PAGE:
TGJ Newsletter: January 2020

Mr C Dodd – TGJ Staff Editor

If you are not willing to learn, no one can help you. If you are determined to learn, no one can stop you.

Zig Ziglar


Welcome back to the The GSAL Journal in 2020. The previous newsletter feels like a decade ago now, but in that time the Journal has continued to go from strength to strength. The number of high quality submissions is increasing, and the breadth and depth of talent on show, coupled with the energy and enthusiasm for rigorous academic discussion and debate, continues to be extremely impressive. Three new student-led partner publications provide further opportunities for intellectual engagement: Humanities JournalPolitics in Review and Science Magazine are all welcome additions. A small team of aspiring young journalists has also been set up with a view to publishing news and opinion pieces on a range of topical issues – watch this space!

Like it or not, as the U.K. heads towards the European Union exit door this is a time for thoughtful reflection on the current state of this country and our place in the wider world. A number of students have explored these issues directly, including James Hardy (Year 12) ‘Opinion: The Fallacy of a ‘Democratic’ People’s Vote‘, Josh Grier (Year 13) ‘Westminster Democracy: Is British Politics Broken?‘ and George Gearty (Year 13) ‘The Benefits of Brexit‘. Other students have considered questions of power and perspective more widely, including Mei Whattam (Year 12) ‘Was Ching Shih a brutal renegade or a visionary feminist?‘, Jamie Smallbone (Year 12) ‘Genghis Khan: A Dastardly Villain?‘, Anika Bansal (Year 9) ‘US-China Trade War: A UK Perspective‘ and Eshana Dasanjh (Year 11) ‘The Censorship of the History of the British Empire‘. It is pleasing to see GSAL students engaging with such demanding subject matter in these challenging times, and, if all this gets too much to bear, perhaps we should follow the advice of Harri Cham (Year 10) and simply watch more Peppa Pig – ‘The deepest show on TV: Why we should all be watching Peppa Pig‘.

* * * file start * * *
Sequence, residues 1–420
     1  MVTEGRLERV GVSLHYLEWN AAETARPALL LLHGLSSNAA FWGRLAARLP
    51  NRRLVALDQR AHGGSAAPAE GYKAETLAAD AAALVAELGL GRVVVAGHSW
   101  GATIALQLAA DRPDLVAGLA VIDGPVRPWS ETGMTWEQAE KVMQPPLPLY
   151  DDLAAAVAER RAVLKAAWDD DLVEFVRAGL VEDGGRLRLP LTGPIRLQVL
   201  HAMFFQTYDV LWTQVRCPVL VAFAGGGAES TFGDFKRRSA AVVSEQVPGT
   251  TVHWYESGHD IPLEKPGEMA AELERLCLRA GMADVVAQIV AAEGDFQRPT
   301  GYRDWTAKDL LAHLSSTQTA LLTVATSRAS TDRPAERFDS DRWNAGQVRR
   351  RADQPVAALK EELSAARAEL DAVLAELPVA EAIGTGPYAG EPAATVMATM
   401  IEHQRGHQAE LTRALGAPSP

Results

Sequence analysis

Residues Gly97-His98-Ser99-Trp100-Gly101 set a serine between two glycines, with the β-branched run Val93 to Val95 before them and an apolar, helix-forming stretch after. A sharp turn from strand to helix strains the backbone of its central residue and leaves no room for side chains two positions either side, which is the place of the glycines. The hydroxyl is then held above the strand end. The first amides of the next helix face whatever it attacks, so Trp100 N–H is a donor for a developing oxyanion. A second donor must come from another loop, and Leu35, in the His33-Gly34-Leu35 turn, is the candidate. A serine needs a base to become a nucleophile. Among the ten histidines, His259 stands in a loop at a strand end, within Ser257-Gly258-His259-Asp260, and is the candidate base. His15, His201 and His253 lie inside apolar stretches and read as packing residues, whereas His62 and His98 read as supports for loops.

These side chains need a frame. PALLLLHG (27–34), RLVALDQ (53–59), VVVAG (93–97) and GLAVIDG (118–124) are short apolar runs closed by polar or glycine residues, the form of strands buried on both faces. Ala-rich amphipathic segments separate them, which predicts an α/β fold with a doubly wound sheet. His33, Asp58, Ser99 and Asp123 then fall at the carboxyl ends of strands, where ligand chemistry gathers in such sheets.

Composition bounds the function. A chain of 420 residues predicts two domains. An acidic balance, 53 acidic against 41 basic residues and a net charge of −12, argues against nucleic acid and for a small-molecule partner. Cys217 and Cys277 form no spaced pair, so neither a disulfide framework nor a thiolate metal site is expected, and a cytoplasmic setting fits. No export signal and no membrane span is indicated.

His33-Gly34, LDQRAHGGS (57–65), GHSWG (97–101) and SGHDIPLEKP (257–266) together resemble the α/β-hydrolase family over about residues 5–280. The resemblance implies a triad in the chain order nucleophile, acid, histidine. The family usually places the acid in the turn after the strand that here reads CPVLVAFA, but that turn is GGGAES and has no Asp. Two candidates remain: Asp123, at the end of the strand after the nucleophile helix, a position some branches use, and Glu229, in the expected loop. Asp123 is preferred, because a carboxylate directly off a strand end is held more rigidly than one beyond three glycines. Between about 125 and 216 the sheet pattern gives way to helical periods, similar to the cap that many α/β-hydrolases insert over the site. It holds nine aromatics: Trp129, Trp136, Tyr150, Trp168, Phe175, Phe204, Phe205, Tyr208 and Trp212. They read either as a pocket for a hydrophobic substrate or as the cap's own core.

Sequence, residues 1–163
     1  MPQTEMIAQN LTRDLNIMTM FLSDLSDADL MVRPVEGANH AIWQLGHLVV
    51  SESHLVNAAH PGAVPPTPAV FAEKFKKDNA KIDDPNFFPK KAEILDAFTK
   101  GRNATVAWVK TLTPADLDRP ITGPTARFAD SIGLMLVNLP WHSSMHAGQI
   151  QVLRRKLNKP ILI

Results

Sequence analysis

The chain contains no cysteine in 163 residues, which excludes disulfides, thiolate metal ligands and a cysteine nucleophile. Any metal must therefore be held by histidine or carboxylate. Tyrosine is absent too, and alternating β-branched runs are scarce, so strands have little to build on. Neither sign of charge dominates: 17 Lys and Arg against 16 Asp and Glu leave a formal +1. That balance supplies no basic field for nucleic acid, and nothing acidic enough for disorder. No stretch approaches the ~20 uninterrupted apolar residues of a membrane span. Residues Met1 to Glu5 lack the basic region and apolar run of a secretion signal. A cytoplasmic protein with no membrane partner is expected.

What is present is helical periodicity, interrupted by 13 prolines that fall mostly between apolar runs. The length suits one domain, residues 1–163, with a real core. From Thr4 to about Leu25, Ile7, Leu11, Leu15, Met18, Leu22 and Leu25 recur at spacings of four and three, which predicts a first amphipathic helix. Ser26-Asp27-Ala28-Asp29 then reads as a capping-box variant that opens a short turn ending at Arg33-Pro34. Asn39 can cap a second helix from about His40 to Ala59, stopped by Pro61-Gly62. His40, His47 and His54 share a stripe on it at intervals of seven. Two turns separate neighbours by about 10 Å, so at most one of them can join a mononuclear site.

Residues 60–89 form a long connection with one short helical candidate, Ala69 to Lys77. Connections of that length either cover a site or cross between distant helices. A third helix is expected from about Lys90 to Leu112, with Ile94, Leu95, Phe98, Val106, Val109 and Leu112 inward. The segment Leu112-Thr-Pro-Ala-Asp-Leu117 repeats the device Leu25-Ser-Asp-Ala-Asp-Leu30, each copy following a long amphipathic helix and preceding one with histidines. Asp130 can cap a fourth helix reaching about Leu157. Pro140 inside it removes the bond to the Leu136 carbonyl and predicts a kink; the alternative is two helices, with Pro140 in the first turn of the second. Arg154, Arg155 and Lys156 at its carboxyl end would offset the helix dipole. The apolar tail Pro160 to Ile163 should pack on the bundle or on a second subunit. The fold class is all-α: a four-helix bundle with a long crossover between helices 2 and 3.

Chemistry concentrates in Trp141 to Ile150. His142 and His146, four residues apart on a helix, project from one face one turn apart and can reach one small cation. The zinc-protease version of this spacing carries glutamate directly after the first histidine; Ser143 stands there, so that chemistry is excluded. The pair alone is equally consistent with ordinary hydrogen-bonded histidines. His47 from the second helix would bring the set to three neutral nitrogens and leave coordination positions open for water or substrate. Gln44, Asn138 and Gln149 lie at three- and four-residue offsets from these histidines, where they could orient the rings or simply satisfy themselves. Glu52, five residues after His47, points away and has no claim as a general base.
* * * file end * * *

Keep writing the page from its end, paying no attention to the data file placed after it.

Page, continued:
There is plenty more outstanding content for your consumption, including all the usual regular features and numerous other excellent student contributions – the superb short story from Victoria Bell (Year 13) ‘Lavender: A Flashback‘ is not to be missed. This really is another bumper edition of The GSAL Journal – scroll down and enjoy! CPD

What is The GSAL Journal? – find out more about The GSAL Journal and how to get involved.

The GSAL Journal currently includes three student-led partner publications:

Exceptional Contributions – our very own ‘Hall of Fame’ recognising exceptional student contributions.

Student Contributions

Bansal, Anika (Year 9) – US-China Trade War: A UK Perspective

Bell, Victoria (Year 13) – Lavender: A Flashback

Bissett, Benjamin (Year 9) – Lord Dyson: A Judge’s Journey

Cham, Harri (Year 10) – The deepest show on TV: Why we should all be watching Peppa Pig

Dasanjh, Eshana (Year 11) – The Censorship of the History of the British Empire

Fabbroni, Erin (Year 8) – Dovek: The Last of his Kind

Gearty, George (Year 13) – The Benefits of Brexit

Girish, Aryan (Year 10) – India Races to the Moon

Girish, Dhruv (Year 8) – The Climate Endgame: Can We Stop It?